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Bionic Ants will rule the Future factories

Bionic Ants will rule the Future factories
Thousands of robotic ants and butterflies will work in tandem. These are created by the Festo and Germany will fulfill the job of operating them efficiently In future.

Festo, the German Engineering firm is a supplier of automation products to factories around the globe and has now created swarms of robotic butterflies and ants to demonstrate their research.

The company also runs a Network program in Bionic Learning with several universities to create machines that mimic animals with the hope of developing technology that would be useful for commercial application.

The light weight butterflies recently revealed are delicate and flap their wings that have tiny motors and are capable of flying in groups by observing the behavior of each other. Around the room ten cameras are installed and they track the robots to relay the information to a central commuter that controls their motion. Inspite of a 50 cm wingspan the weight of each butterfly is an amazing 32 grams and they can fly for 4 minutes with battery power.

In another project, swarms of ants were created and they work together for accomplishing tasks moving objects that are too heavy for a single machine.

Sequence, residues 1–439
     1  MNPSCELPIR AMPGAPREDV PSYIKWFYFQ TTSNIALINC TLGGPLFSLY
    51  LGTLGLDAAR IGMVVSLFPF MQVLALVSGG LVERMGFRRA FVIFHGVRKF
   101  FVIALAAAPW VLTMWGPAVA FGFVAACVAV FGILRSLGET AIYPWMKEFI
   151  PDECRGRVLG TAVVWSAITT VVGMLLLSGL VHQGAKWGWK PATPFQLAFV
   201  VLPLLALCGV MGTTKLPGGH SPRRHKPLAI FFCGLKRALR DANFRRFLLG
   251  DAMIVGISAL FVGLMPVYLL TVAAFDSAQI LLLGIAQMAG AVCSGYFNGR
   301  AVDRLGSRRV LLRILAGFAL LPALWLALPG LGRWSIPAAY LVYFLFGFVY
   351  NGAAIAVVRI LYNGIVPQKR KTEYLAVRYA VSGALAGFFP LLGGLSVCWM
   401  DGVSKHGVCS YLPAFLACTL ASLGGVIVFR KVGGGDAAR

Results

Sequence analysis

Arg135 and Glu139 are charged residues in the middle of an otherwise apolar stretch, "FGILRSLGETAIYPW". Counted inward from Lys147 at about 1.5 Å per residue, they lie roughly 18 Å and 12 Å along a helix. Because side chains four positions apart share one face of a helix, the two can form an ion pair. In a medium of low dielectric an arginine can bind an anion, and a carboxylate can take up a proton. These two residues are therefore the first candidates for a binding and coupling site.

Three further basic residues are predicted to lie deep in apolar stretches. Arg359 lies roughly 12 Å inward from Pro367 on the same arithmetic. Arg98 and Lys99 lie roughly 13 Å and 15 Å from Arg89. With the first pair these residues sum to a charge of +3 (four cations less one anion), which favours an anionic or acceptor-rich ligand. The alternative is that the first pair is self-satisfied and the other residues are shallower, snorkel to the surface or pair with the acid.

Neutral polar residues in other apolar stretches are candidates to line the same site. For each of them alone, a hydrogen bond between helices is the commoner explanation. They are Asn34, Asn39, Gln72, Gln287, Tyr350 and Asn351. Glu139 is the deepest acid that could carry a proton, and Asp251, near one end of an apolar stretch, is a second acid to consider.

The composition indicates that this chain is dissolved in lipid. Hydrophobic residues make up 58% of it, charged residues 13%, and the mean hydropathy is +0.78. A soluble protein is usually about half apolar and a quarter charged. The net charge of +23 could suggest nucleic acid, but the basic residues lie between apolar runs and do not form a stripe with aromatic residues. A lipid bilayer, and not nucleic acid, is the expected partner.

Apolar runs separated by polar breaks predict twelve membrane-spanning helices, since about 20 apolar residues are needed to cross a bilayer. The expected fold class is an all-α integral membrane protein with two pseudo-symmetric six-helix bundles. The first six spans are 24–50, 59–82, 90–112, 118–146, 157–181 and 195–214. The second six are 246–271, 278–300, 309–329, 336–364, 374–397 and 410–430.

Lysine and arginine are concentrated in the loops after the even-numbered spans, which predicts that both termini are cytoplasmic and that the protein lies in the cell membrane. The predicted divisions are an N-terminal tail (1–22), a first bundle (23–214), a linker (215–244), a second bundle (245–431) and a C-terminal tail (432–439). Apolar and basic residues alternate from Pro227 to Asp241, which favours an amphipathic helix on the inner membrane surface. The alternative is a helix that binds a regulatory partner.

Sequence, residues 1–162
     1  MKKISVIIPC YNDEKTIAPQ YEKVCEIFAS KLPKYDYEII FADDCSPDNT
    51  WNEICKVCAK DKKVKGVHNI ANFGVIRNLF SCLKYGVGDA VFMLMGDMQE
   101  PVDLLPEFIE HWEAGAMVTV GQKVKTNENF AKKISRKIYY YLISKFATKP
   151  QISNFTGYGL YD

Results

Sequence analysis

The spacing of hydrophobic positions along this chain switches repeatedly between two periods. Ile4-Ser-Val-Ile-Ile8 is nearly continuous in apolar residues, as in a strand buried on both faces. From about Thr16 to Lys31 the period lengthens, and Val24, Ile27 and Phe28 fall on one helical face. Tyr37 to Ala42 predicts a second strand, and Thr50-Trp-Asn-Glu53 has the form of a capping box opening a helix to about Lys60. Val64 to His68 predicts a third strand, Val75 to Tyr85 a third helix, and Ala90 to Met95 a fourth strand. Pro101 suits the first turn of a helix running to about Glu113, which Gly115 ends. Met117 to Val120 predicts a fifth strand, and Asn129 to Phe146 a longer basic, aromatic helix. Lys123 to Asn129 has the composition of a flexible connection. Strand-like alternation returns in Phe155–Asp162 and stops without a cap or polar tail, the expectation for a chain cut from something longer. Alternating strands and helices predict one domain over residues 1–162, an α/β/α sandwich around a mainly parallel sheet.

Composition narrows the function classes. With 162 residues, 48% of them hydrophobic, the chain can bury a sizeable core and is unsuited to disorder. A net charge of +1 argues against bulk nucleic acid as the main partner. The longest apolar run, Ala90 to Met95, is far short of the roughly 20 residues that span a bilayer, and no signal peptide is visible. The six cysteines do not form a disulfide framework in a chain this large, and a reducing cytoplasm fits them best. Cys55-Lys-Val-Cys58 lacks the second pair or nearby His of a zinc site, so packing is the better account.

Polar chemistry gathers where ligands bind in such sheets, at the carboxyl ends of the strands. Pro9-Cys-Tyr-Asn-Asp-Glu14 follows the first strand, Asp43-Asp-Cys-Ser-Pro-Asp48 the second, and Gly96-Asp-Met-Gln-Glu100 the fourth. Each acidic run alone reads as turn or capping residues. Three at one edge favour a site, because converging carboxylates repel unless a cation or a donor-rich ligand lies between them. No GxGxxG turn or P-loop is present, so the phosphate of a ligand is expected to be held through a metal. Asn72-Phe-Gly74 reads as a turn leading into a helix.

Each ant 13.5 cm long and has stereo video cameras on the head that can also recharge itself simply by resting their antennae against a source of power. Using piezo technology the legs of the ants are made of flexible ceramic to enable the machines walk. If that were not enough, the ants even have working pincers so that they can latch on to objects.

“Like their natural role models, the Bionic Ants work together under clear rules,” said a statement from Festo. “They communicate with each other and coordinate their actions and movements among each other.

“The artificial ants thus demonstrate how autonomous individual components can solve a complex task together working as an overall networked system.”

Earlier projects in the field of Bionic Learning Network program included robotic penguins and kangaroos.

About Shauna Lehner

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